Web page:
Tulapurkar ME, Ramarathnam A, Hasday JD, Singh IS. Bacterial lipopolysaccharide augments febrile-range hyperthermia-induced heat shock protein 70 expression and extracellular release in human THP1 cells. PLoS One. 2015;10(2):e0118010. PubMed PMID: 25659128; PubMed Central PMCID: PMC4320107 

Shah NG, Cowan MJ, Pickering E, Sareh H, Afshar M, Fox D, Marron J, Davis J, Herold K, Shanholtz CB, Hasday JD. Nonpharmacologic approach to minimizing shivering during surface cooling: a proof of principle study. J Crit Care. 2012 Dec;27(6):746.e1-8. PubMed PMID: 22762936; PubMed Central PMCID: PMC3494806 

Greenberg RS, Chen H, Hasday JD. Acetaminophen has limited antipyretic activity in critically ill patients. J Crit Care. 2010 Jun;25(2):363.e1-7. PubMed PMID: 19781895; PubMed Central PMCID: PMC2883688 

Potla R, Singh IS, Atamas SP, Hasday JD. Shifts in temperature within the physiologic range modify strand-specific expression of select human microRNAs. RNA. 2015 Jul;21(7):1261-73. PubMed PMID: 26018549; PubMed Central PMCID: PMC4478345 

Sonna LA, Kuhlmeier MM, Carter HC, Hasday JD, Lilly CM, Fairchild KD. Effect of moderate hypothermia on gene expression by THP-1 cells: a DNA microarray study. Physiol Genomics. 2006 Jun 16;26(1):91-8. PubMed PMID: 16595739 

Fairchild KD, Singh IS, Carter HC, Hester L, Hasday JD. Hypothermia enhances phosphorylation of I{kappa}B kinase and prolongs nuclear localization of NF-{kappa}B in lipopolysaccharide-activated macrophages. Am J Physiol Cell Physiol. 2005 Nov;289(5):C1114-21. PubMed PMID: 15972840 

Fairchild KD, Singh IS, Patel S, Drysdale BE, Viscardi RM, Hester L, Lazusky HM, Hasday JD. Hypothermia prolongs activation of NF-kappaB and augments generation of inflammatory cytokines. Am J Physiol Cell Physiol. 2004 Aug;287(2):C422-31. PubMed PMID: 15070815 

Afshar M, Richards S, Mann D, Cross A, Smith GB, Netzer G, Kovacs E, Hasday J. Acute immunomodulatory effects of binge alcohol ingestion. Alcohol. 2015 49(1):57-64(PMID: 25572859 

Hasday JD, Thompson C, Singh IS. Fever, immunity, and molecular adaptations. Compr Physiol. 2014 4:109-48 (PMID: 24692136).


Research Interests

Dr. Hasday’s laboratory made the following important contributions to biomedical science:

Described the effect of febrile-range hyperthermia (FRH) to reduce expression of tumor necrosis factor-alpha in macrophages and Kupffer cells. Specifically that TNF transcription was inhibited by FRH through three mechanisms: (1) repressor effect of HSF1 binding to TNF promoter; (2) TNF-specific reduction of NFkappaB recruitment to promoter chromatin; and (3) selective inhibition of Sp1 recruitment to TNF promoter. 

Showed that exposure to hyperthermia worsened lung injury and described the mechanisms, which include altered p38-dependent endothelial barrier function, increased epithelial apoptosis, and augmented neutrophil recruitment.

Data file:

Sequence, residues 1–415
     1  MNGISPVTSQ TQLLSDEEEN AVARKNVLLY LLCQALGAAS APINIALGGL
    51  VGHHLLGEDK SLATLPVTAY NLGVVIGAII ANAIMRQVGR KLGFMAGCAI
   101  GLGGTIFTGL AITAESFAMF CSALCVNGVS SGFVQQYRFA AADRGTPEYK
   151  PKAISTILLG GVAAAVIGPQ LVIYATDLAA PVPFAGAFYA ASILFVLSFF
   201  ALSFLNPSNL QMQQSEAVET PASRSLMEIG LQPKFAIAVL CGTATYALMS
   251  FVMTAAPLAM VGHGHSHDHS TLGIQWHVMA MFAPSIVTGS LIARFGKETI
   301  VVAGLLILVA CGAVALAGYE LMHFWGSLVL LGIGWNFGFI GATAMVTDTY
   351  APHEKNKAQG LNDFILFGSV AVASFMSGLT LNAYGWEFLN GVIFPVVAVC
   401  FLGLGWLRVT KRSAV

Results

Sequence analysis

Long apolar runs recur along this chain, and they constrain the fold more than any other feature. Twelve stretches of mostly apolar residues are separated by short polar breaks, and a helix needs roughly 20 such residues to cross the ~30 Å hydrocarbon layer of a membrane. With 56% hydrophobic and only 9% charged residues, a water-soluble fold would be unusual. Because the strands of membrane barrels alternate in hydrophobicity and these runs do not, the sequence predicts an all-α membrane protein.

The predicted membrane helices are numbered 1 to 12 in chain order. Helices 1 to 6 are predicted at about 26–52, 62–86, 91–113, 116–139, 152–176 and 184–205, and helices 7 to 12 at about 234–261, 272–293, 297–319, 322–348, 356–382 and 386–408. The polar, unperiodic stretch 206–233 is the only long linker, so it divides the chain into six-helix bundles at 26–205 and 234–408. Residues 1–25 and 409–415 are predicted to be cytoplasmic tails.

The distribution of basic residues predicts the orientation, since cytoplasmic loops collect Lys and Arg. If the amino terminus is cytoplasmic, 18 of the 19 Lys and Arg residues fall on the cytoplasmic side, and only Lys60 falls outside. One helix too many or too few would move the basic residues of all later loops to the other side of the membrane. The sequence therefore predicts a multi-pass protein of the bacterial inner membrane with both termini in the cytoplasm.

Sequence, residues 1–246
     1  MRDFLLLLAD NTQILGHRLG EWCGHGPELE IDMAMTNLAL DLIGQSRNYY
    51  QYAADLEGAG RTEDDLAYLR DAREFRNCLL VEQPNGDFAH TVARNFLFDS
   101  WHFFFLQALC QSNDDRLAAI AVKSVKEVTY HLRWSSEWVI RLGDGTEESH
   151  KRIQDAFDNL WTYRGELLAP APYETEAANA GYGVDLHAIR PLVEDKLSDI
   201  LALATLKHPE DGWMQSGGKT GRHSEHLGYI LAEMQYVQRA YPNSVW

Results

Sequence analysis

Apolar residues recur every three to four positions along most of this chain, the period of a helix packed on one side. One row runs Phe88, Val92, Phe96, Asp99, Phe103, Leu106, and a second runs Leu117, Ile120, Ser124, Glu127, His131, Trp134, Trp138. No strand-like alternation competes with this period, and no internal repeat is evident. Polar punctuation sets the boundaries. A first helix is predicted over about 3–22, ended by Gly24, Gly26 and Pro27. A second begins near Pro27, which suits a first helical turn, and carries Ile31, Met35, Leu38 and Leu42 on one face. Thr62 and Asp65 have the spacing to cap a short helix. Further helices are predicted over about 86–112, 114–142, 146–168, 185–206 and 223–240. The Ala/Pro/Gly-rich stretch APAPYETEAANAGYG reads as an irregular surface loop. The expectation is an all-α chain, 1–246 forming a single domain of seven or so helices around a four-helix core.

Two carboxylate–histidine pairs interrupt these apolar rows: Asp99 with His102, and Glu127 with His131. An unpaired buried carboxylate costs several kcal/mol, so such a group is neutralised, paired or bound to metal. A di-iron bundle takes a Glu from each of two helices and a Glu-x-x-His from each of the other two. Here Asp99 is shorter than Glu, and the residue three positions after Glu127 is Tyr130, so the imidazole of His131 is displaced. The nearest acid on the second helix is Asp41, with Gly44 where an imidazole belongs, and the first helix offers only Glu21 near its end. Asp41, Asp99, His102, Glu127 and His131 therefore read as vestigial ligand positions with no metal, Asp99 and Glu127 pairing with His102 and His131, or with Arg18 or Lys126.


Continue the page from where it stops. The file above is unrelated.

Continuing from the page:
Showed that TLR signaling through p38 and heat shock signaling through HSF1 interact at the level of HSP72 chromatin to increase HSP72 expression and increasing HSP72 secretion and exosome release.

Dr. Hasday has published two recent clinical studies of temperature management in the ICU showing that acetaminophen is an ineffective antipyretic in critically ill patients, that cooling febrile ICU patients induces shivering and increases oxygen utilization by 60% and that shivering can be reduced by changing the temperature and body location of cooling pads.

Development of a new class of non-catalytic, substrate-selective p38 MAP kinase inhibitors using computer-aided drug design.

Dr. Hasday’s laboratory has described the cell biologic effects of clinically relevant hypothermia on NFkappaB activation, gene expression, and most recently, microRNA expression. In the most recent paper, he made the interesting finding that exposure activates a very small subset of genes (five) that converge on PKCalpha. By blocking PKCalpha, these hypothermia-activated genes relieve a cell cycle block and allow proliferation in lung epithelium, which may result in improved epithelial healing in vivo.

Dr. Hasday has completed a feasibility pilot study and has a planned multi-site randomized clinical trial of therapeutic hypothermia in patients with ARDS.


Grants and Contracts


4/13 – 6/17           National Institutes of Health R01HL69057: “p38 MAP kinase-dependent mechanisms of fever-enhanced acute lung injury” $250,000                           (annual direct costs) JD Hasday, co-PI (15%) (contact PI).



03/13 – 02/17        VA Merit Review IBX002143A “Hyperthermia-augmented epithelial apoptosis and acute lung injury.” $150,000 (annual direct costs)  

JD Hasday, PI (37.5% of VA effort).